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The profits of growth go to the few, and everyone else picks up the tab.
Just tell that to the Africans that cling to flotsam and jetsam to get to Europe or the 100 Cubans crammed into raft size boat.
He asks: Does America really need more than its current 309 million people? With immigration at present levels, it will have 439 million by 2050.
Sure, why not? Sounds good, maybe 1 billion would also be good.

Rutherfordian ------------------------------ RDRutherford
by Ronald Rutherford (rdrradio1 -at- msn -dot- com) on Tue Aug 18th, 2009 at 01:56:04 PM EST
Ronald Rutherford:
Just tell that to the Africans that cling to flotsam and jetsam to get to Europe or the 100 Cubans crammed into raft size boat.

Because they would say what? That population growth is a great idea?

Sweden's finest (and perhaps only) collaborative, leftist e-newspaper Synapze.se

by A swedish kind of death on Tue Aug 18th, 2009 at 02:46:26 PM EST
[ Parent ]
Because they would say what? That population growth is a great idea?
That coming to a High Income Country benefits them, what more do you think they want? Not sure if the refugees consider population growth a good idea but it sounds like "white man's burden".

Rutherfordian ------------------------------ RDRutherford
by Ronald Rutherford (rdrradio1 -at- msn -dot- com) on Tue Aug 18th, 2009 at 03:12:22 PM EST
[ Parent ]
Surely they are escaping overpopulation in their own countries?

En un viejo pas ineficiente, algo as como Espaa entre dos guerras civiles, poseer una casa y poca hacienda y memoria ninguna. -- Gil de Biedma
by Migeru (migeru at eurotrib dot com) on Wed Aug 19th, 2009 at 04:44:54 AM EST
[ Parent ]
Surely they are escaping overpopulation in their own countries?

I am sure there are many factors as to what they are escaping and from my studies it is due to lack of freedoms, lack of development and most importantly lack of democracy. Overpopulation is probably lowest on the factors especially considering that Europe has higher density of people and not to mention Singapore.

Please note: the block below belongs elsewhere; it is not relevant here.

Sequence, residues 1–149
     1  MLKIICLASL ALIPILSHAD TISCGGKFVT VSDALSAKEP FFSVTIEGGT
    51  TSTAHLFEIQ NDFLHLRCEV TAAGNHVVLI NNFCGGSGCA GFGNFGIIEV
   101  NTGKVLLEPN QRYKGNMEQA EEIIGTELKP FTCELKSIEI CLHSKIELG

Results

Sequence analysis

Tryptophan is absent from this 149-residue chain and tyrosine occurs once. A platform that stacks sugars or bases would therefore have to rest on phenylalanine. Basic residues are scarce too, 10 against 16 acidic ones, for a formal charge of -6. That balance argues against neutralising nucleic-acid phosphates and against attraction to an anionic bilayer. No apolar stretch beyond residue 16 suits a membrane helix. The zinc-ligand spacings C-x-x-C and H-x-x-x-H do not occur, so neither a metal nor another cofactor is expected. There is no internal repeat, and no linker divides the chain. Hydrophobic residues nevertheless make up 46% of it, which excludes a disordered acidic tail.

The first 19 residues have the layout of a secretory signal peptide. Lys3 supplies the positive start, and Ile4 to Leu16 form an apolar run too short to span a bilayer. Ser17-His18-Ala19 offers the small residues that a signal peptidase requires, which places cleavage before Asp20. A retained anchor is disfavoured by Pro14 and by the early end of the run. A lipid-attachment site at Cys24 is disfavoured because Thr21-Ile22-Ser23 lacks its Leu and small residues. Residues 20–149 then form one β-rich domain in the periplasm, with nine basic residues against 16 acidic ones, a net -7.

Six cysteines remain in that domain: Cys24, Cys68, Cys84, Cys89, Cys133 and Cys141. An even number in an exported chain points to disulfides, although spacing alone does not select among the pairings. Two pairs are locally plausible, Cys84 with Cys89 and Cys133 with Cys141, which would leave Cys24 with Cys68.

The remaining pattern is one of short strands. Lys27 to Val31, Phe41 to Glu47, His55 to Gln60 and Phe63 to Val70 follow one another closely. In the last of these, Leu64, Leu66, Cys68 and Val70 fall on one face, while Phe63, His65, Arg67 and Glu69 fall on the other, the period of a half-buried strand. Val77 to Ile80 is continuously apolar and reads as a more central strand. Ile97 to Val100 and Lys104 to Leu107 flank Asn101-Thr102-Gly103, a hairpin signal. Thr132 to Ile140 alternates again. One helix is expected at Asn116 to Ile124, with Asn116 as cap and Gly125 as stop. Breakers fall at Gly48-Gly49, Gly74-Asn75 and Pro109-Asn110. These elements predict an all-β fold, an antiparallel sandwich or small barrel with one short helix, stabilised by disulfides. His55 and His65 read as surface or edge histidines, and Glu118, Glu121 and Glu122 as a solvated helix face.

Rutherfordian ------------------------------ RDRutherford
by Ronald Rutherford (rdrradio1 -at- msn -dot- com) on Wed Aug 19th, 2009 at 12:08:33 PM EST
[ Parent ]
Citations, please?

The fact is that what we're experiencing right now is a top-down disaster. -Paul Krugman
by dvx (dvx.clt t gmail dotcom) on Wed Aug 19th, 2009 at 12:39:32 PM EST
[ Parent ]
... Singapore are self sufficient in their resources.

Lessee, Africa, footprint 1.4 ha/ca, biocapacity, 1.8 ha/cap, surplus 0.4 ha/cap, on a population of 902m, or a surplus biocapacity of 360m ha.

EU, footprint, 4.7ha/ca, biocapacity, 2.3ha/ca, deficit, 2.4ha/ca, on a population of 487.3, or a deficit biocapacity of 1,169.3m ha.

There you go, the Africans are just paddling across the Med to get their hands on their missing resources.


I've been accused of being a Marxist, yet while Harpo's my favourite, it's Groucho I'm always quoting. Odd, that.

by BruceMcF (agila61 at netscape dot net) on Tue Sep 15th, 2009 at 10:27:22 PM EST
[ Parent ]
Not sure how much I agree with the post at the top of this thread, but overpopulation as a reason for refugees and migration is a bit overplayed, I think.  People don't flee from a particular level of population density, but rather from a lack of economic opportunity, corruption, and political oppression.  The causes of these problems are almost entirely social and political.

Population growth may contribute to the hopelessness and desperation stemming from these root problems, as traditional (pre-modern, subsistence and family oriented) safety nets fail to deal with a larger number of people who need to be saved, but they wouldn't be necessary if the above problems weren't severe.

Sure, there may be more people in the Sahel than can reasonably survive as goat herders, but the real problem isn't that there are too many goat herders, but that they're goat herders to begin with.  There's no money in goat herding, and they know it, but they're powerless to do anything but immigrate.

If it was merely a factor of "too many people in too small a space," which is sort of what "overpopulation" implies, refugees would be coming from places like Tokyo.  

Then again, the way things are going in the US, they may very well start fleeing from New York.

by Zwackus on Tue Sep 15th, 2009 at 08:16:02 PM EST
[ Parent ]
Are you conflating population growth rates and population levels?

In an economy that is not growing rapidly, rapid population growth implies declining income per capita. And that, of course, can itself be an impediment to economic growth.


I've been accused of being a Marxist, yet while Harpo's my favourite, it's Groucho I'm always quoting. Odd, that.

by BruceMcF (agila61 at netscape dot net) on Tue Sep 15th, 2009 at 10:29:07 PM EST
[ Parent ]
Slow economic growth combined with high population growth leads to declining incomes, undermining economic growth, and if it leads to declining education rates by girls, can even lead to accelerated population growth.


I've been accused of being a Marxist, yet while Harpo's my favourite, it's Groucho I'm always quoting. Odd, that.
by BruceMcF (agila61 at netscape dot net) on Wed Sep 16th, 2009 at 03:34:53 PM EST
[ Parent ]
Sorry for the late reply.  I intended to say nothing about population growth rates, but rather to comment on the notion of "overpopulation" as a primary driver for refugees.

On your point, though, I agree entirely that that is a nasty combination.  However, I don't generally think that, generally speaking, a "surplus" of population can be blamed for poor economic conditions, but rather political issues and the local, national, and regional level.